6. It is hard for people to see improvement in education as a positive thing because of the price tag on it. Society has changed to believe that money is more important a good education not realizing that without a good education, there will be no money. DUH! We complaint so much about third world countries having worse health care coverage, worse education scores, and etc. but we cant even take care of our own local children?

    Public schools will change when our economy improves, and when realize that our school systems hit rock bottom. Its a shame that it may have to be this way because in the end, the only people who loose in this game is “the future of our children.”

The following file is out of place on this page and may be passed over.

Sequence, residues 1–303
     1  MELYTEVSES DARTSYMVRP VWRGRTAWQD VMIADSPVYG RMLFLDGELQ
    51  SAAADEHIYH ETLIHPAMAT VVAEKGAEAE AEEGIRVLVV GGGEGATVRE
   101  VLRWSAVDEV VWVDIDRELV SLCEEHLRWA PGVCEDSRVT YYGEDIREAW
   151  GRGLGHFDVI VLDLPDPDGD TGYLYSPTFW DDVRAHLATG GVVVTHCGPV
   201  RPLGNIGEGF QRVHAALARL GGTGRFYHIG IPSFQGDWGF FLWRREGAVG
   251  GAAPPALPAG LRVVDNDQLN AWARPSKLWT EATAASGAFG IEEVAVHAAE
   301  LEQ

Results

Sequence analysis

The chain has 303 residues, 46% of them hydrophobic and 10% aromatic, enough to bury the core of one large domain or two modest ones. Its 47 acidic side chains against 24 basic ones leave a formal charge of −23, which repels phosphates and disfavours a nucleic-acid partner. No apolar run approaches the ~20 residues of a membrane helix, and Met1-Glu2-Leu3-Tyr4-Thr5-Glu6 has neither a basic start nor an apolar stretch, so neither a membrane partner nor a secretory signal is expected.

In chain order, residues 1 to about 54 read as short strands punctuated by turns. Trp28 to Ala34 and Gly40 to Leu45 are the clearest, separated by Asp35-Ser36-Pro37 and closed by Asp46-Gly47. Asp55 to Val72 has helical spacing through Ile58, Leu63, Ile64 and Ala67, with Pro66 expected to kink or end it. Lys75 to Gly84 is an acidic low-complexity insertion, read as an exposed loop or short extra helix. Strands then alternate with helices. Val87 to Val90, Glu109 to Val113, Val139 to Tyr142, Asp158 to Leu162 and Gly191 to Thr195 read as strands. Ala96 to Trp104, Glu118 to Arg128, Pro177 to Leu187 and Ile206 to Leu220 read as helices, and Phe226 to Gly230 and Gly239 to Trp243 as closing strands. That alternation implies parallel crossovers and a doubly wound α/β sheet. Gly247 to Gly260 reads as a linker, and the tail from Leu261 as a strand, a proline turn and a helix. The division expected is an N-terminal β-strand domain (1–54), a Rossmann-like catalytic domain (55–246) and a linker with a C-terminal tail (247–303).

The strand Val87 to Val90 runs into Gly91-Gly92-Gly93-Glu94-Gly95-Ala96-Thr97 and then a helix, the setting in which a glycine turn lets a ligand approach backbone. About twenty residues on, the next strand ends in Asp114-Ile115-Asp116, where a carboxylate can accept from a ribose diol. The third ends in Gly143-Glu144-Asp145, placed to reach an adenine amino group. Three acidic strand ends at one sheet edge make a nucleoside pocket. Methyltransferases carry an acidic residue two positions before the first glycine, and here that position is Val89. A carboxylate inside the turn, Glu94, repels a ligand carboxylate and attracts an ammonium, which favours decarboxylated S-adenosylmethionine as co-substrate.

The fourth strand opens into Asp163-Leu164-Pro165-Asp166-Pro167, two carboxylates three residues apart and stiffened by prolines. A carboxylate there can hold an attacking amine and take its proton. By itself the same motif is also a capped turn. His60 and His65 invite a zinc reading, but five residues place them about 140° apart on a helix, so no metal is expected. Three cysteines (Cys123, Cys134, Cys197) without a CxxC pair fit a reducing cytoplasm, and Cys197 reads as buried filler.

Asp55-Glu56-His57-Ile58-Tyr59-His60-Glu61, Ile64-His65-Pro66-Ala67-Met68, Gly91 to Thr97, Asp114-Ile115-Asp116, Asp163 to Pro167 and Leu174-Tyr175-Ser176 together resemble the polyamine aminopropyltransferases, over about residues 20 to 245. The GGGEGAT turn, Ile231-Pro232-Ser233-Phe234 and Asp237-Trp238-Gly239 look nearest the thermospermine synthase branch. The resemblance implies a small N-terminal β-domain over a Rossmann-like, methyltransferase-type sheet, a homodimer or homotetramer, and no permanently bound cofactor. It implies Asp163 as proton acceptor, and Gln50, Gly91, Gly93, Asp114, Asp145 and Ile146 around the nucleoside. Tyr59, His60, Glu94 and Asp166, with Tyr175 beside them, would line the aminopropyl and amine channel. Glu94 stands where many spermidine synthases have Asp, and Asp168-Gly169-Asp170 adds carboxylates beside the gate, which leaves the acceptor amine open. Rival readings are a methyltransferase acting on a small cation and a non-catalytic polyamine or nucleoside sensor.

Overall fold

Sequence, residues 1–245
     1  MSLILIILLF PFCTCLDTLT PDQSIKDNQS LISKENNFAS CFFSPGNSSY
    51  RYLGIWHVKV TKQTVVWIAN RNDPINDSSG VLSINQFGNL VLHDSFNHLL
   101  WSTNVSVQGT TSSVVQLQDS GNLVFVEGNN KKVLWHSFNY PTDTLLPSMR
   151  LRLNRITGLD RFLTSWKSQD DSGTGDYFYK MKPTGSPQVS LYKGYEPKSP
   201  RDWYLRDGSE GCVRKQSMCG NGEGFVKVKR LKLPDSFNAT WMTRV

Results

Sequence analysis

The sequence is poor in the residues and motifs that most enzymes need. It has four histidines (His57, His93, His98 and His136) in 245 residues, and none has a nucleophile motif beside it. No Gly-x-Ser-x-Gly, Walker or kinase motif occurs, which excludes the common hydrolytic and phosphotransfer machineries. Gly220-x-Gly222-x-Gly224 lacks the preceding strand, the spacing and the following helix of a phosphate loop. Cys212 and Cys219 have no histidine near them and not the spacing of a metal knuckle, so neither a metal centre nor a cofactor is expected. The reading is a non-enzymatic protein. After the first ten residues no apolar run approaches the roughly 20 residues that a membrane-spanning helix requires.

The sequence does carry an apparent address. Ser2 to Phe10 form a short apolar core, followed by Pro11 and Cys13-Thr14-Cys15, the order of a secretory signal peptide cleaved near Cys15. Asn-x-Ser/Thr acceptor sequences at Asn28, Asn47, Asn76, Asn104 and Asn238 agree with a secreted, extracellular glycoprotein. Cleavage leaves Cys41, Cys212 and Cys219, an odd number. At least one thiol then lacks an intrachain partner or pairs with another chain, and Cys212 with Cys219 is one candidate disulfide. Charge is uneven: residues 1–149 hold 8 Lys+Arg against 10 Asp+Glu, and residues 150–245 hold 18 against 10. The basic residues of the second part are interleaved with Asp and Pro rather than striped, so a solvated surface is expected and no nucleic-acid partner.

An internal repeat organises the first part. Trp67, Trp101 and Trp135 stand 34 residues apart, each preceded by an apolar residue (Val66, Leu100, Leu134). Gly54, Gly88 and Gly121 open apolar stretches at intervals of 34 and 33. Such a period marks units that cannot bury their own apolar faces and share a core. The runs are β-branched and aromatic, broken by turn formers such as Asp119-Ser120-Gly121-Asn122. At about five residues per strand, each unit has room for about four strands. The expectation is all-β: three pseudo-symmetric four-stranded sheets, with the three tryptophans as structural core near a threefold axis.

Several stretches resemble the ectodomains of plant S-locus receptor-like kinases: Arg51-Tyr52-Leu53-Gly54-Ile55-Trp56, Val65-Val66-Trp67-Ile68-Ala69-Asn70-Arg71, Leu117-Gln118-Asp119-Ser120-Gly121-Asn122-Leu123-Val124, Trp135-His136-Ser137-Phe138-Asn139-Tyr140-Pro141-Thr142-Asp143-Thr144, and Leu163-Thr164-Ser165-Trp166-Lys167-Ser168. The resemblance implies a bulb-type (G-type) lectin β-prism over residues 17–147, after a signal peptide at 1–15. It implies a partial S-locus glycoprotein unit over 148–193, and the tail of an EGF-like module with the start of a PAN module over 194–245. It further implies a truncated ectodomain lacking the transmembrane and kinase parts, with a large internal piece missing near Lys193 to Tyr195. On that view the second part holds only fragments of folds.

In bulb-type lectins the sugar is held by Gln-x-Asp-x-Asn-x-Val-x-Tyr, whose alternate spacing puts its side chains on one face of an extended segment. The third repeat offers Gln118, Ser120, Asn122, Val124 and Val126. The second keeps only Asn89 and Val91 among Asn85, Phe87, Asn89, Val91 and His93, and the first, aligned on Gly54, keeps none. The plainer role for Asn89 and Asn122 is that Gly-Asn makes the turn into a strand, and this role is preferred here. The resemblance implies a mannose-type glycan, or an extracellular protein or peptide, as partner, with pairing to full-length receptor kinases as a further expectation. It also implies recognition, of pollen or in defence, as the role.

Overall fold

• Yes agree, the quicker we as a community adopt serious changes that for example the Harlem Success Academy has established and done, and then we as a community can hopefully change the reality of how poor our educational system is…and hopefully create positive changes to education by forming Charter schools in all urban areas. We need to think of the children before our-self’s to have a future generations running this nation with educated minds. My mama once said, “if you teach a mother, they will teach their children”, very true statement. If we as a community bond together and agree on the foundation of success is a great education and we must fight for what is needed for are children’s future.

    • I have to agree that we need to help students and children in our own backyard before we help kids in another country. That’s not to say that students in other countries don’t need help, but it’s worth considering helping a local school first. But, I also have to say, offering any help anywhere is worth it. The school has to accept the help first.